A million miles away


Whenever I’ve attempted to meditate, the thing that’s been hardest for me is coming up with a visual – a prerecorded moment of bliss that will lull me into tranquility. Like a lake or a beach or a meadow – though actually I’ve not spent much time in meadows. Every memory I have of such places is fraught with context – who I was with, why I was there, what happened next, what didn’t happen that was supposed to, etcetera.

I think I found my moment on Saturday, floating on my back in the clearest, most perfect version of the Atlantic I’ve ever known, the sun shining on my SPF’d face and the surprisingly decent resort troubadour playing What a Wonderful World. Say what you will; I love that song. 

My long weekend away was not perfect – like most of my times away of late it had the patina of guilt that I don’t live a life at home that merits vacationing. I haven’t done enough – worked hard enough – suffered enough – to earn it. That’s what was especially wonderful about this break: I wrote. I wrote and revised 85 pages of my novel, based on the outline I managed to cobble together shortly before I left. And I’m thrilled about this – I have, at long last, a story to tell. A story with a beginning, middle, and end, with protagonists who have purpose, with conflict and resolution. I have A storylines and B storylines – and even C, D, E and F ones. I know why my story takes place when and where it does and how my characters have wound up where they are at the start of the story. And I don’t have to change the opening line I’ve had since 2008: It rained nineteen inches the summer of the coat check girl

This is not a story that will appeal to everyone – and that’s fine. It’s a story I want to read, about life, death, love, the things we mistake for love, hope, regret, self-doubt, self-delusion, memory, revisionist history, food, New York, and ghosts, in all their many manifestations.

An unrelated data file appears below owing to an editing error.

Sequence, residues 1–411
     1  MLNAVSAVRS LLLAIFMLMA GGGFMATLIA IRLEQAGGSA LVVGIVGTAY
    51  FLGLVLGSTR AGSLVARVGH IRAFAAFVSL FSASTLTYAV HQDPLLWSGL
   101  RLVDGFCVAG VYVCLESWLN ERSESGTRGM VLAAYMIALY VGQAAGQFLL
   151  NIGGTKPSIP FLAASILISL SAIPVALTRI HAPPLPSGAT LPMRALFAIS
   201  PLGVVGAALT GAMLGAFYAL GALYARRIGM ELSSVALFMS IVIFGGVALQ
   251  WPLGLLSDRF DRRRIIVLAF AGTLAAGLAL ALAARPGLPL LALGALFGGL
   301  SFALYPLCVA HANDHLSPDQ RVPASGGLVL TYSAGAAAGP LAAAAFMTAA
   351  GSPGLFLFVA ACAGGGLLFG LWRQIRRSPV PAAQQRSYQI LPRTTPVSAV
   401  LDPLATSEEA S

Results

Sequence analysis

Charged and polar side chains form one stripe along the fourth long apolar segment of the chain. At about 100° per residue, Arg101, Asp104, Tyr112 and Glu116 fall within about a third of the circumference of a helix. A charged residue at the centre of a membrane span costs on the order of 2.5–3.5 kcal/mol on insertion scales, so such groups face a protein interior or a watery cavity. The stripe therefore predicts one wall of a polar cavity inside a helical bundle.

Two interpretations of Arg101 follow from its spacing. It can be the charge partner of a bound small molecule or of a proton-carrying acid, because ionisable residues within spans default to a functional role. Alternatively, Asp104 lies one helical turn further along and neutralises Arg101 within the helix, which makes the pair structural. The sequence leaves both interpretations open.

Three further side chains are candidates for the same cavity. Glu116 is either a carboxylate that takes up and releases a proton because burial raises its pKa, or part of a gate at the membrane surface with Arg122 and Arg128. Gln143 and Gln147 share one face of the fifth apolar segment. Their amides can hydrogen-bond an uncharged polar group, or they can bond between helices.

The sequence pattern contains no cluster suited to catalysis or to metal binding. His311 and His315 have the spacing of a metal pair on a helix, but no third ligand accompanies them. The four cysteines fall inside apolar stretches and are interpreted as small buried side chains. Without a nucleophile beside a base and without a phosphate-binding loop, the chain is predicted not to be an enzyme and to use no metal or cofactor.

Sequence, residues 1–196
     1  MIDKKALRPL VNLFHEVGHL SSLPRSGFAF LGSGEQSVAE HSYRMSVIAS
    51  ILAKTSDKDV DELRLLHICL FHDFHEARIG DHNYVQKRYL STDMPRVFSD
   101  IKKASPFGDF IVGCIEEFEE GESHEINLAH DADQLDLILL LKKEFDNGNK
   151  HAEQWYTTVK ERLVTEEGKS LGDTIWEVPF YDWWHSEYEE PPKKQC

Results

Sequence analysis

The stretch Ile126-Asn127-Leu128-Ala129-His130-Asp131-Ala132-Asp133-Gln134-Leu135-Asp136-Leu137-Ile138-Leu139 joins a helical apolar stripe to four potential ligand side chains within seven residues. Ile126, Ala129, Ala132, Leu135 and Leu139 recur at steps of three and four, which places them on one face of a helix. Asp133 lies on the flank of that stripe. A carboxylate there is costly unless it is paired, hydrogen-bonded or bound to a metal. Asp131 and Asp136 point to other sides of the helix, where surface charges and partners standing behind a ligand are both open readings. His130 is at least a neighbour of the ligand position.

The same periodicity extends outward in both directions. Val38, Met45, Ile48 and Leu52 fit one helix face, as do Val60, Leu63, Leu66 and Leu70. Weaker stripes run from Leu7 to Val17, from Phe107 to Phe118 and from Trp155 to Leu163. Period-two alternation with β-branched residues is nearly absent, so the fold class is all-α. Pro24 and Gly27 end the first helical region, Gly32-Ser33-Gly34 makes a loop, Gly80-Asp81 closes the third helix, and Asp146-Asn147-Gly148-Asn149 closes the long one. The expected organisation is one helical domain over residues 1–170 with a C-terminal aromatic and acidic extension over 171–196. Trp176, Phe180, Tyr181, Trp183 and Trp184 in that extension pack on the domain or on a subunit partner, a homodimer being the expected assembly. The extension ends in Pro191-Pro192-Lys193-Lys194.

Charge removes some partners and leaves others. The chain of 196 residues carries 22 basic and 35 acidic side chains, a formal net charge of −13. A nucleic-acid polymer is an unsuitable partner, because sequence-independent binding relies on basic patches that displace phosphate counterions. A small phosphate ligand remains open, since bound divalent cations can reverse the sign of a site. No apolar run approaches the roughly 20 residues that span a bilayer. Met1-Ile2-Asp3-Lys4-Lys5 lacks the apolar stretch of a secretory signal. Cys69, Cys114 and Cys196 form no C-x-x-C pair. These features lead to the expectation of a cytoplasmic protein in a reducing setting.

This was how we spent our five days and nights: we woke between 7 and 8 and drank coffee, went to the beach, jogged on the beach, swam in the ocean, floated on the waves, read novels, ate lunch, wrote for four hours, ate great dinners, drank wine on the beach at night, and went to sleep early. We bonded – we’re new friends – and we told the stories of our lives, the good, the bad, the embarrassing and regretful. It was lovely. 

And now I’m back, as ever changed by travel. And I am absolutely going to finish a draft of this thing. That’s all I ask at this point – to finish a draft. I don’t write with the hope of getting published, I write with the hope of finishing something I’ve written.

We are not the trappings of our lives, the things that people assume about us based on the limited information that they have. We are so much more than that. We are our hearts and souls, and only those who recognize this deserve to be part of our journeys around this weird and wild world. 

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